Tentative Primary and Caucus Schedule
  March 1 (Super Tues)
  March 2-14
L blue   March 15-31
Delegates needed for nomination:
GOP: 1237,   Dem: 2242
Map explained
New polls:  
Dem pickups:  
GOP pickups:  

News from the Votemaster

Carson's Comments on the Egyptian Pyramids Probably Won't Hurt Him

A 17-year-old video has surfaced in which Ben Carson says that the pyramids of Egypt were built by the Biblical Joseph to store grain for the seven lean years Joseph predicted. It would require detailed knowledge of the pyramids' internal structure to determine how much grain you could store in a pyramid, but suffice it to say that it would not be enough to feed an entire country for seven years.

But Chris Cillizza says that reality simply doesn't matter to the people Carson is addressing. They simply take every word in the Bible literally—even though the Bible does not say anything about the pyramids being the place grain was stored after Joseph interpreted the pharoah's dream. In fact Genesis 41 in the CEV version of the Bible reads: "For seven years there were big harvests of grain. Joseph collected and stored up the extra grain in the cities of Egypt near the fields where it was harvested." Nothing about pyramids there, but Iowa Republicans won't care. Carson was asked yesterday if he still believes this and he said yes. It is statements like this that make the Republican leadership scared to death of Carson. Can you imagine a debate between Carson and Hillary Clinton where each one is asked to say what they thought the pyramids were for? What works for Iowa Republicans will not work for Latinos in Nevada or suburbanites in Virginia. (V)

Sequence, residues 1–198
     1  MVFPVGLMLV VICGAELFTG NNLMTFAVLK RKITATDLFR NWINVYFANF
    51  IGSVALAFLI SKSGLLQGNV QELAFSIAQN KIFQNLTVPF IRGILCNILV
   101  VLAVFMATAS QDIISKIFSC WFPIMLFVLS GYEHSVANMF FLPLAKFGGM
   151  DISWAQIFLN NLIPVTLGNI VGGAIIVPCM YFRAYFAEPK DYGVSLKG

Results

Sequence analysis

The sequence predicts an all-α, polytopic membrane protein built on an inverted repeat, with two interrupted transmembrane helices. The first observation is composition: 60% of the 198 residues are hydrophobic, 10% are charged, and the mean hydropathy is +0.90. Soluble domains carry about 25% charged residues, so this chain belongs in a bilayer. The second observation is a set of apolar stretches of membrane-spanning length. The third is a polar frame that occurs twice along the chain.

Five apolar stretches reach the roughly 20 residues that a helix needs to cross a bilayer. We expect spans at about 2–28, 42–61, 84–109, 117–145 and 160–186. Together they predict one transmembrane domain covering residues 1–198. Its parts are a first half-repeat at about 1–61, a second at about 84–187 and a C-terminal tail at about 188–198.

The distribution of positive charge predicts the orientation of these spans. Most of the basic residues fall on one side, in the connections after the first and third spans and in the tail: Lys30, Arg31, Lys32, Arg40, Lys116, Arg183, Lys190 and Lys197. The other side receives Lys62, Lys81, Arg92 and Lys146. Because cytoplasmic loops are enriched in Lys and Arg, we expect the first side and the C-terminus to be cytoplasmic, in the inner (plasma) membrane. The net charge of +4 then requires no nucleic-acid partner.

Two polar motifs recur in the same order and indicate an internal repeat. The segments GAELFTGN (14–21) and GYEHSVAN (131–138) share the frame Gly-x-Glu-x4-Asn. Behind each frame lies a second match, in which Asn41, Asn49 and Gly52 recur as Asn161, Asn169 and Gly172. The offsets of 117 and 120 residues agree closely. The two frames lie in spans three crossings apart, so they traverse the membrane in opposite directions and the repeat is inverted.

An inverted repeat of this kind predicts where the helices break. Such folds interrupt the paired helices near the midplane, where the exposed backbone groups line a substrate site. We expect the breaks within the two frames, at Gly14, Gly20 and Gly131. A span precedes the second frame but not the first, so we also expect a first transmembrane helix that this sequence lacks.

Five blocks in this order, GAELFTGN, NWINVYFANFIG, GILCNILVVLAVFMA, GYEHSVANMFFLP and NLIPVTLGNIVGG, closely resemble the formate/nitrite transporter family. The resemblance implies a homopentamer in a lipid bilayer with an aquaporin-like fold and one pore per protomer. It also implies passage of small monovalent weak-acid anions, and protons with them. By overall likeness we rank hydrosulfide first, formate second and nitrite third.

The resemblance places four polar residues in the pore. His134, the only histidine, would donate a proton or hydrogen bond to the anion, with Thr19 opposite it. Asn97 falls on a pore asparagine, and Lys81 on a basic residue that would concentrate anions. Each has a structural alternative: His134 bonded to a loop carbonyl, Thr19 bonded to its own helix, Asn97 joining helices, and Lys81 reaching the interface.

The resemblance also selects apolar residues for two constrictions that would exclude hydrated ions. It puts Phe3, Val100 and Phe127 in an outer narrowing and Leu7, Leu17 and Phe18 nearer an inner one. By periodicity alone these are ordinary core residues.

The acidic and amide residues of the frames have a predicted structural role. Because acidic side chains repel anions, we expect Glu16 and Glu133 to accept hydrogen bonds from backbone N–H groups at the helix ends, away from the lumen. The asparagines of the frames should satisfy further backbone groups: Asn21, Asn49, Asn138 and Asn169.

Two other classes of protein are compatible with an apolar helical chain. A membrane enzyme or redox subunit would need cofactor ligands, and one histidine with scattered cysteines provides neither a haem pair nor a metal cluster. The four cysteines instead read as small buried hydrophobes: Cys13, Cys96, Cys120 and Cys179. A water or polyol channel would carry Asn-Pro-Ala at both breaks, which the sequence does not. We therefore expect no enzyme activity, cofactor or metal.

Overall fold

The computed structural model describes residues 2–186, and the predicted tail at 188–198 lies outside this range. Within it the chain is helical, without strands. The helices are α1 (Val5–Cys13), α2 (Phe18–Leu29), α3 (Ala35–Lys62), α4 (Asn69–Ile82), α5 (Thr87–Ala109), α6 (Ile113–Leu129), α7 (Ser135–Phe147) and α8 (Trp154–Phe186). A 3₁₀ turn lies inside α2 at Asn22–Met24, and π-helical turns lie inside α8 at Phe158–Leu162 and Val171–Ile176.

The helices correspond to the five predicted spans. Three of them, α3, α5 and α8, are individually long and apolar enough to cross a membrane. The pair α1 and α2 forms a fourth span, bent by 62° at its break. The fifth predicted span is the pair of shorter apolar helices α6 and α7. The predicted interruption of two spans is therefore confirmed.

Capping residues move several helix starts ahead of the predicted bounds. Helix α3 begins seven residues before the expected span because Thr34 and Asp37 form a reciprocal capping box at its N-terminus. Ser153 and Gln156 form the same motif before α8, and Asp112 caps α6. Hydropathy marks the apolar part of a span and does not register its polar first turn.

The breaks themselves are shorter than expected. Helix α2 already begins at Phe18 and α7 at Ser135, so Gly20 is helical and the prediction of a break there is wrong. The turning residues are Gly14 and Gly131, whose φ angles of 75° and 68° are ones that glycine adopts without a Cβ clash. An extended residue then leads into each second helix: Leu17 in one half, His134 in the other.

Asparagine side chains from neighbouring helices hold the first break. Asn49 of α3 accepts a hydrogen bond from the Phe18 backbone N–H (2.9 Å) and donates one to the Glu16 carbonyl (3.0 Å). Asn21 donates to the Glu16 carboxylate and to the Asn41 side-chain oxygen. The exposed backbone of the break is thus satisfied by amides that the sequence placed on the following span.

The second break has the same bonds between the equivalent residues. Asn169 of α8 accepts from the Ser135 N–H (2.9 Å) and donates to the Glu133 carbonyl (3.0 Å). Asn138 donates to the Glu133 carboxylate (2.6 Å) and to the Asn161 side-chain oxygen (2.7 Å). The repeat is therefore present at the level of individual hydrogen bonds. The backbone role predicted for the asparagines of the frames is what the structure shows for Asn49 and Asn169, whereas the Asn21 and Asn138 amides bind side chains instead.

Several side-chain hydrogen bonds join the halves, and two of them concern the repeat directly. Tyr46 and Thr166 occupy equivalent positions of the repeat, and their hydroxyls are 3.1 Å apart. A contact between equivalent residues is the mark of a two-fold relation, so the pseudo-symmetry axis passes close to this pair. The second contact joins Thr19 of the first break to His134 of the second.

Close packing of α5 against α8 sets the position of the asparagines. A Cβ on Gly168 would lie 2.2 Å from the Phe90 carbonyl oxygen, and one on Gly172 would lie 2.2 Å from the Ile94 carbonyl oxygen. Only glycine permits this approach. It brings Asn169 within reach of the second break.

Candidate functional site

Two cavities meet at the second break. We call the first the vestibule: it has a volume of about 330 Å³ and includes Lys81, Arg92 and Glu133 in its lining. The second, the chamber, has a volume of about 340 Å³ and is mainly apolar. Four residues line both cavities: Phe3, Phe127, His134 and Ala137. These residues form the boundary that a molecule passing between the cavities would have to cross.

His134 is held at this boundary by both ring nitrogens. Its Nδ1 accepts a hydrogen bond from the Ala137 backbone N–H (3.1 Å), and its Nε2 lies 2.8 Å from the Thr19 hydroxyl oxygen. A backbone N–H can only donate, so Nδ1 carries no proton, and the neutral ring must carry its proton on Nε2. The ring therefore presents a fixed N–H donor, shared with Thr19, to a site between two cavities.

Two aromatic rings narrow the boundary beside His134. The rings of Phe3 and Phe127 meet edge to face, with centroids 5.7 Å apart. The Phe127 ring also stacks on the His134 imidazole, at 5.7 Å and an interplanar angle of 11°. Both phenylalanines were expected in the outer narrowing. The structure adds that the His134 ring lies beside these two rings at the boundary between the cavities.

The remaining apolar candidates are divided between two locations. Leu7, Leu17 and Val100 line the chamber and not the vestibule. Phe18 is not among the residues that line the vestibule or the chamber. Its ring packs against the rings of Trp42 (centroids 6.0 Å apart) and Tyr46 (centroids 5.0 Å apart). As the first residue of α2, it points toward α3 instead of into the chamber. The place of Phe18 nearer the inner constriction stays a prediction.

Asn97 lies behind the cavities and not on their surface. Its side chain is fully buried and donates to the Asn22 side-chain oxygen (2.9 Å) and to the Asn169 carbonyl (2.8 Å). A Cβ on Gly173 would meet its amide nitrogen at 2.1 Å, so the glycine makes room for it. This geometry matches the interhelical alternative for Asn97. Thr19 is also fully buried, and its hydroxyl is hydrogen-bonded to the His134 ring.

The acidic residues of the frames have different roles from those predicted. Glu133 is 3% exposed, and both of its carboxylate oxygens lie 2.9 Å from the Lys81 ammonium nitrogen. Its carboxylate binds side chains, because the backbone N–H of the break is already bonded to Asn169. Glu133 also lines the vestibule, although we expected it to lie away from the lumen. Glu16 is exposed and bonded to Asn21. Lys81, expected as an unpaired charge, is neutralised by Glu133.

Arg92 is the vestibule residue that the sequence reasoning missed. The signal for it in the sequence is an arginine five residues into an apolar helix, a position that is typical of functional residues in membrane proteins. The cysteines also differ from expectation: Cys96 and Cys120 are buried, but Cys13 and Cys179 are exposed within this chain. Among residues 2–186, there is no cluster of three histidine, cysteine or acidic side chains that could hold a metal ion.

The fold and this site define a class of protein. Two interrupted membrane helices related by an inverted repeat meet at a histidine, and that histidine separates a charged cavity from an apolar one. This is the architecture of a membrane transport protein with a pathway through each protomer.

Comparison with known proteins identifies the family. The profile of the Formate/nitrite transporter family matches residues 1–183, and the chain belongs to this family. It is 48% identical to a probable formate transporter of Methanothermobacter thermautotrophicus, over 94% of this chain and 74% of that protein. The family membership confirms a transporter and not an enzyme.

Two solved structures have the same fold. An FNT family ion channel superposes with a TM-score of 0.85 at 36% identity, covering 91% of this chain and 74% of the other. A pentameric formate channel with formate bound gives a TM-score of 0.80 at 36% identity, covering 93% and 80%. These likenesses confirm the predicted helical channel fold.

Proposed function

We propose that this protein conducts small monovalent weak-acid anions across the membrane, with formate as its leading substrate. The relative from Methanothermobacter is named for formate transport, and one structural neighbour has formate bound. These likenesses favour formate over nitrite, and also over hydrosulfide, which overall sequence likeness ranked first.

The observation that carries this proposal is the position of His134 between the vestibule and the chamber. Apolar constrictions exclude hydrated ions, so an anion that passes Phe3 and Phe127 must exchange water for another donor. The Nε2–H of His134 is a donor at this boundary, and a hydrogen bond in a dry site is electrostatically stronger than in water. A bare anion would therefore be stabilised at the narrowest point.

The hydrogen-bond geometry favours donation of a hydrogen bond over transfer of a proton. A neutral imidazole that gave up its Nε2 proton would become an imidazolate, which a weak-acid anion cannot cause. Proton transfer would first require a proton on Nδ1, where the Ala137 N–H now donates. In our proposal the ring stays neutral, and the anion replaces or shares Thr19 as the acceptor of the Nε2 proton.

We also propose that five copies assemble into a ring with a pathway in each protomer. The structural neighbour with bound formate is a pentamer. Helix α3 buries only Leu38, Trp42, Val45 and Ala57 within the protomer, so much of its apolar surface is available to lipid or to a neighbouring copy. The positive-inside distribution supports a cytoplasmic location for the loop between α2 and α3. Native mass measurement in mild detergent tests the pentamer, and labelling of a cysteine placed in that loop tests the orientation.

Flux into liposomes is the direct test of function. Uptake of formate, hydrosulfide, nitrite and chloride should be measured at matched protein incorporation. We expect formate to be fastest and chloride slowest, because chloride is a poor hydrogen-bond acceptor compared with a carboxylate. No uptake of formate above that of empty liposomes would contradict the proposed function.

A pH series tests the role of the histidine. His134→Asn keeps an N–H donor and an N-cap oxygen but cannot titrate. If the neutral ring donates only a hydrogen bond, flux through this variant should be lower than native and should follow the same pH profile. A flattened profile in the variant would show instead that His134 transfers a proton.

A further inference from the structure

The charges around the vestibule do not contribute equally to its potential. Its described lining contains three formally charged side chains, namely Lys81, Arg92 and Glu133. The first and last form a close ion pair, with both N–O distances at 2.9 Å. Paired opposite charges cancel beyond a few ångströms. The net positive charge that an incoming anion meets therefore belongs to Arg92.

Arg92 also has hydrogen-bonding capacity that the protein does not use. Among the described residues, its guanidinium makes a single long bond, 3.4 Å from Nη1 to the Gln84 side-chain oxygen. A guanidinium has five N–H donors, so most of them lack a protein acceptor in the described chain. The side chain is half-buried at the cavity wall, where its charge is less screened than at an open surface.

Of Course, It's Not Just the Pyramids

Ben Carson appears to enjoy doing and saying eyebrow-raising things; we are now reaching the point that there's something new just about every day. In addition to his thoughts about the pyramids, Carson also posted an item to his Facebook page on Thursday in which he compared himself to the Founding Fathers. He asserted that his lack of political experience should not be a problem, since "Every signer of the Declaration of Independence had no elected office experience." This is, of course, not true—about half the men who signed the Declaration of Independence had served in state legislatures or other elective offices. Carson later amended his statement to "federal office experience," but that is not a lot better since it seems to evince an ignorance of the fact that the Founders could not legally serve in federal office. This was, in fact, one of the main issues that led to the Revolution.